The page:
Please note that Mommsen uses the AUC chronology (Ab Urbe Condita), i.e. from the founding of the City of Rome. You can use this reference table to have the B.C. dates
From: The History of Rome, by Theodor Mommsen
Translated with the sanction of the author by William Purdie Dickson
All jurisdiction was vested in the community or, in other words, in the king, who administered justice or "command" (-ius-) on the "days of utterance" (-dies fasti-) at the "judgment platform" (-tribunal-) in the place of public assembly, sitting on the "chariot-seat" (-sella curulis-);(1) by his side stood his "messengers" (-lictores-), and before him the person accused or the "parties" (-rei-). No doubt in the case of slaves the decision lay primarily with the master, and in the case of women with the father, husband, or nearest male relative;(2) but slaves and women were not primarily reckoned as members of the community.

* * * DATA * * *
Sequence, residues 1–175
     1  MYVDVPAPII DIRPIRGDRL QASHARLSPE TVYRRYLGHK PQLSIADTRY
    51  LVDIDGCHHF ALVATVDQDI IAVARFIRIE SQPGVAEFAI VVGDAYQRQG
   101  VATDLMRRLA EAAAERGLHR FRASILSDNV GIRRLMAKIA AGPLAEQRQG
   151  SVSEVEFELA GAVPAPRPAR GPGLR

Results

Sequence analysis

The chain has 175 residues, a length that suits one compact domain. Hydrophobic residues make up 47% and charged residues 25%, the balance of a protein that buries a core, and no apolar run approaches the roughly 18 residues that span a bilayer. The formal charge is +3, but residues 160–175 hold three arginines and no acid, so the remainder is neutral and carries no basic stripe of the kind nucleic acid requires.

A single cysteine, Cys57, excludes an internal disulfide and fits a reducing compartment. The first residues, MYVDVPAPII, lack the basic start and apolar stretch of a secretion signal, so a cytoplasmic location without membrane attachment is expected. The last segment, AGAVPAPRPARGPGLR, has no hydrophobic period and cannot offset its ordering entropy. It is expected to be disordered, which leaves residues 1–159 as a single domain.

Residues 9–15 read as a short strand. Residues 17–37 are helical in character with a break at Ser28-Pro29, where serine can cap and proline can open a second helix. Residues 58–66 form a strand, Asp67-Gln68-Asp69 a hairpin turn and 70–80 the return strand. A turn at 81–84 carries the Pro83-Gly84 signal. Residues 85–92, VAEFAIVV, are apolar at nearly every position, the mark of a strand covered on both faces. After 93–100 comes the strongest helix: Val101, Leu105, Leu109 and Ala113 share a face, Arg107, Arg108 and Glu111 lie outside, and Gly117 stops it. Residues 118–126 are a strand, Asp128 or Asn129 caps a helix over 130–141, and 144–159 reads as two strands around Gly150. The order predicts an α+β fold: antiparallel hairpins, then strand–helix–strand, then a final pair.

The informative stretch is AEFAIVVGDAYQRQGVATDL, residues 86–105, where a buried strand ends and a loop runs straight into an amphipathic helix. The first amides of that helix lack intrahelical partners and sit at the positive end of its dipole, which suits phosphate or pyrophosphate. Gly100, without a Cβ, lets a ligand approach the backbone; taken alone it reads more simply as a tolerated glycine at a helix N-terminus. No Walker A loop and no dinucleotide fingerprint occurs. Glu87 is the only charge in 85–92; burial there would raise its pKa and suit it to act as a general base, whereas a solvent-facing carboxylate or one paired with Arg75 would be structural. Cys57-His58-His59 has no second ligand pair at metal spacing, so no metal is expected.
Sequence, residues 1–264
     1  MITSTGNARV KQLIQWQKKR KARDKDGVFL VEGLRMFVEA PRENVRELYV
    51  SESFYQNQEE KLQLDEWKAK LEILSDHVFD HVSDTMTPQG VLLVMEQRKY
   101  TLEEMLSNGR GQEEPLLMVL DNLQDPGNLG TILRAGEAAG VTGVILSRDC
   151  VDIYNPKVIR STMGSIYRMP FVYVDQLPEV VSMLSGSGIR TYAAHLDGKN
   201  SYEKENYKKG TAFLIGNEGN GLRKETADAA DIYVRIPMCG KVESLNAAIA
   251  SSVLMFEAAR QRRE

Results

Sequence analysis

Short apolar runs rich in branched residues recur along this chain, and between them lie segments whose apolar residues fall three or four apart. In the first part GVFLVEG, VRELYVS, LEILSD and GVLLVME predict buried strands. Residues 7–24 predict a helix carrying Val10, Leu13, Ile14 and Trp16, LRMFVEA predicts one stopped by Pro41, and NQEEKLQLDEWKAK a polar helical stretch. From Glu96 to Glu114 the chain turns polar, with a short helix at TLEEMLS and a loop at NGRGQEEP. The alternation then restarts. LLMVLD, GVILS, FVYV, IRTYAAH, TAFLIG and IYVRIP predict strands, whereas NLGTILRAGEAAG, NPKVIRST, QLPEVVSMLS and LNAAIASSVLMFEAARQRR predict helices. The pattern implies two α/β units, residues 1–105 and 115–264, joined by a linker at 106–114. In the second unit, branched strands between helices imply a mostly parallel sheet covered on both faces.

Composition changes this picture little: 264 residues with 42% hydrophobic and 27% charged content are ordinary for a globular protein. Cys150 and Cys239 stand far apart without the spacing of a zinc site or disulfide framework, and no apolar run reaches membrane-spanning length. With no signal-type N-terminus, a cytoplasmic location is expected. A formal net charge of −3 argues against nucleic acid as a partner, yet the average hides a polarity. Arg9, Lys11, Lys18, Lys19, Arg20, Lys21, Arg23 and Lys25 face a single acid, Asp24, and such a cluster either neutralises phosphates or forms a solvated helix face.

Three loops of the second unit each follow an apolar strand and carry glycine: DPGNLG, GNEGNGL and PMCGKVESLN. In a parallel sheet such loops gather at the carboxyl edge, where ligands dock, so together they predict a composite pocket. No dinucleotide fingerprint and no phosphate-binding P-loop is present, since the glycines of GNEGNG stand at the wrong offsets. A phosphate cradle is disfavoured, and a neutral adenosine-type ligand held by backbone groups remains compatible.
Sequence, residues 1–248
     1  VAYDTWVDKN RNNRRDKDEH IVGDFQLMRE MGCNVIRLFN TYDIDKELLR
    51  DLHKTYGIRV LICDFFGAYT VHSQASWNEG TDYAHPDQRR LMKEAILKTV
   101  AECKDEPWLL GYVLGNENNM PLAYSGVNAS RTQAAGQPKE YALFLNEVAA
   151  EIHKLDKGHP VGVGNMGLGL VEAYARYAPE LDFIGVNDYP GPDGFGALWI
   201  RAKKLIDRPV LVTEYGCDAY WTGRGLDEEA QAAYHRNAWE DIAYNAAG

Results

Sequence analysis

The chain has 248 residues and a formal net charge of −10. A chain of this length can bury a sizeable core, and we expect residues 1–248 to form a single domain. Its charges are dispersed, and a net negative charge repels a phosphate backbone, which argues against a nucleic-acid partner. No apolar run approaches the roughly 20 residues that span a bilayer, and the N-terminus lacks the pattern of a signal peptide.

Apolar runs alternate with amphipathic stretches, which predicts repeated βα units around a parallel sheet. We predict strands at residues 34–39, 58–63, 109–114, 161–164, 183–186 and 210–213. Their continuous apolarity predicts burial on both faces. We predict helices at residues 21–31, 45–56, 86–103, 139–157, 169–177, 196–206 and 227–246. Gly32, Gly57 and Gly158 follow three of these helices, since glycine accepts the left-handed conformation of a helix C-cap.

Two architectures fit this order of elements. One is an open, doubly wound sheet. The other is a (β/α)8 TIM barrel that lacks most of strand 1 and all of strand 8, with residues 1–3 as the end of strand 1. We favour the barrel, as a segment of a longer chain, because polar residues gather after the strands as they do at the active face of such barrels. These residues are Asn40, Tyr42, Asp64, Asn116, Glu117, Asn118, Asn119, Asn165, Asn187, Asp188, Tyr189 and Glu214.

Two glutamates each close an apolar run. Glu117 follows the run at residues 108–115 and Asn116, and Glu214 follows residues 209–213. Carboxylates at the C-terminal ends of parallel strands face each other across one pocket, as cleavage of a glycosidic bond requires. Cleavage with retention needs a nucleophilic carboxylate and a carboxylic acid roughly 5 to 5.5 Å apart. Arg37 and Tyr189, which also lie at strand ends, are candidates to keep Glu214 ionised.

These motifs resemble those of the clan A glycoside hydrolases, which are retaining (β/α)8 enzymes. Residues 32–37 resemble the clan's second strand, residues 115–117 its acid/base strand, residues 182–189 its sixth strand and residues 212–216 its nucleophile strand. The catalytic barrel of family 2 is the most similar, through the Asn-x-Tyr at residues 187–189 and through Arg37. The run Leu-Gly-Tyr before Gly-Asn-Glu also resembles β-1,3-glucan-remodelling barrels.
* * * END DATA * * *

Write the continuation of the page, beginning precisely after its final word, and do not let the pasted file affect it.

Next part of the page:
1. This "chariot-seat"--philologically no other explanation can well be given (comp. Servius ad Aen. i. 16)--is most simply explained by supposing that the king alone was entitled to ride in a chariot within the city (v. The King)--whence originated the privilege subsequently accorded to the chief magistrate on solemn occasions--and that originally, so long as there was no elevated tribunal, he gave judgment, at the comitium or wherever else he wished, from the chariot-seat.
2. Cf. I. V. The Housefather and His Household
Over sons and grandsons who were -in potestate- the power of the -pater familias- subsisted concurrently with the royal jurisdiction; that power, however, was not a jurisdiction in the proper sense of the term, but simply a consequence of the father's inherent right of property in his children. We find no traces of any jurisdiction appertaining to the clans as such, or of any judicature at all that did not derive its authority from the king.
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Reference address : http://www.ellopos.net/elpenor/rome/1-11-law-justice.asp?pg=3